Judging by the yields in the community garden plots at James O. Breen Community Park in St. Charles, 2019 is a big year for local produce. Even my little home garden – which isn’t much more than a few determined plants scattered amid some daylilies that refuse to go away – is looking rather bountiful this season. But tomatoes and peppers aside, what I’m most proud of this season is my bumper crop of Braconidae, or braconid wasps.
I didn’t purposely produce these most beneficial insects, but rather was lucky to have exactly the right pieces fall into place. My veggies of choice, tomatoes and peppers, all are members of the Solanaceae, or nightshade, family. This diverse group also includes eggplant, potatoes, tobacco and petunias – plants with certain botanic characteristics in common, as well as one other important trait: They are a favorite food plant for hornworms – the caterpillars of various species of hawkmoths, also known as sphinx moths.
In our area, the predominant species is Manduca sexta, the six-spotted hawkmoth or tobacco hornworm. Despite its common name, these caterpillars commonly are found on tomato plants. With nothing to do but cling to the stem and eat, a couple hornworms can defoliate an entire tomato plant in a matter of days. If present in greater numbers, hornworms can cause an entire crop to go down in frass (another name for insect … well … poop).
So imagine my delight earlier this week when I spied, not only a tobacco hornworm on one of my tomato plants, but also a smattering of white. I looked closer and there they were: wonky rows of white cocoons, each about the size of a grain of rice, protruding from the caterpillar’s back and sides.
Softie that I am, I winced a bit at the thought of what was going on. The caterpillar, though still alive and relatively plump, was being eaten from the inside out by the larvae of Cotesia congregata, a tiny braconid wasp.
Measuring less than 1/4 inch in length, these guys are small, for sure, but pack a powerful, many pronged punch that is mechanical and biological as well as viral in nature. The caterpillars they target don’t stand a chance.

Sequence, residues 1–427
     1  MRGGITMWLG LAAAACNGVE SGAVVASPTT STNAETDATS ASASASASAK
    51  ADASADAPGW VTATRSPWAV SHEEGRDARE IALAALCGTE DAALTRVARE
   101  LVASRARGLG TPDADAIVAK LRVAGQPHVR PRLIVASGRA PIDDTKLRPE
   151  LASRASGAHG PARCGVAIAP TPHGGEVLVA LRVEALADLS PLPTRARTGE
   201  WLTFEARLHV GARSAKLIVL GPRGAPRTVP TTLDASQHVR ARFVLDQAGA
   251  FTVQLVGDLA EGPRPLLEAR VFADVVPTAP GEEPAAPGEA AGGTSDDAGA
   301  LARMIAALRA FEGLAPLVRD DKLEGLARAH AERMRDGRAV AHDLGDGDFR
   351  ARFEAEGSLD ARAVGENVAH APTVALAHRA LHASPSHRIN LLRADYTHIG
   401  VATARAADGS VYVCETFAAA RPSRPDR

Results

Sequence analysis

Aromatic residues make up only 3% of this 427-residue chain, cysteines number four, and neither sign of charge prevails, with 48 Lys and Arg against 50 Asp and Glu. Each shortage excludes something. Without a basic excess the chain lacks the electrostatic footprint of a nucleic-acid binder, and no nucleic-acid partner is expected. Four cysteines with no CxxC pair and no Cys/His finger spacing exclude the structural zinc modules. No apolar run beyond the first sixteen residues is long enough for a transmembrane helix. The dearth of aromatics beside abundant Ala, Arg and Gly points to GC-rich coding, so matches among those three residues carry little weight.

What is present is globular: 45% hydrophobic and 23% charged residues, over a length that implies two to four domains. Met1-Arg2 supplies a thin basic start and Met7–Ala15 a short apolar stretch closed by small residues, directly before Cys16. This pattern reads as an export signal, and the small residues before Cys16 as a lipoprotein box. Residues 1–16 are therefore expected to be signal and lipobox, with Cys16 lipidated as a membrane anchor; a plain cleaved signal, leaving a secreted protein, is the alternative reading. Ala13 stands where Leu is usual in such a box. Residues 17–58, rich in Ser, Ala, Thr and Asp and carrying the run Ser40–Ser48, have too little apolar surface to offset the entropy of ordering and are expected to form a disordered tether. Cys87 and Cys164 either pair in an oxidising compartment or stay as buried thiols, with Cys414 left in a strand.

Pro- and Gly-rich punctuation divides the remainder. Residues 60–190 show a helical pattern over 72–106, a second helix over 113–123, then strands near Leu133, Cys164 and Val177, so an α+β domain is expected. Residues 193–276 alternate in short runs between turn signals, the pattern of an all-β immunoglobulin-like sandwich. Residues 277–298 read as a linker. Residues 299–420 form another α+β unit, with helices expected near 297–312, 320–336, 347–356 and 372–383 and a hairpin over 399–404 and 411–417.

Female Cotesia are equipped with a needle-like appendage called an ovipositor, which, as the name implies, is used to deposit eggs. When a suitable hornworm host is found, the female wasp pierces its exoskeleton with her egg-laying apparatus.
But what’s even cooler is, in addition to depositing several dozen eggs, she also inserts a type of polydnavirus (read poly-DNA-virus) into the luckless larva. This virus attacks the caterpillar’s immune system and renders it unable to encapsulate the wasp eggs; it also halts the caterpillar’s development, so it can’t pupate and transform into a moth. Amazingly, the virus also changes the caterpillar’s metabolism so that it can survive longer without food or water – thus ensuring a nurturing environment for all the young wasps to come.
Basically comatose but still alive, the caterpillar becomes a living, breathing brood chamber. Inside its body, the wasp eggs hatch and the larvae begin consuming their macabre meals of caterpillar bodily fluids. As the caterpillar gamely clings to a plant stem, the baby wasps grow to their final instar, or stage of larval development. They then chew their way to the surface, spin their small, white cocoons and pupate. After a few more days, the adult wasps emerge and fly away while their host caterpillar, saggy and sunken, drops off the plant and decomposes.
With their wide range of unique qualities, both hornworms and braconid wasps are used extensively for classroom study, as well as biomedical research. With so many people watching these charismatic creatures, it’s no wonder that they now have their own “Hornworm Meets Alien” YouTube video.
Thanks to the folks at Purdue Extension Entomology in West Lafayette, Indiana, you can view the entire saga in just over two minutes at http://www.youtube.com/watch?v=nZZyJQNmOV8.
Or, if YouTube’s not your thing, but gardening is, look over your tomato plants (and peppers and eggplants) to see if you can spot any hornworms. If you do, try to resist the temptation to squish or drown them on the spot; instead, let them feast a few more days. You’ll sacrifice a few plant stems, but in return you may be rewarded with your own bumper crop of Braconidae.
Pam Otto is the outreach ambassador for the St. Charles Park District. She can be reached at 630-513-4346 or firstname.lastname@example.org. Feedback on this column can be sent to email@example.com.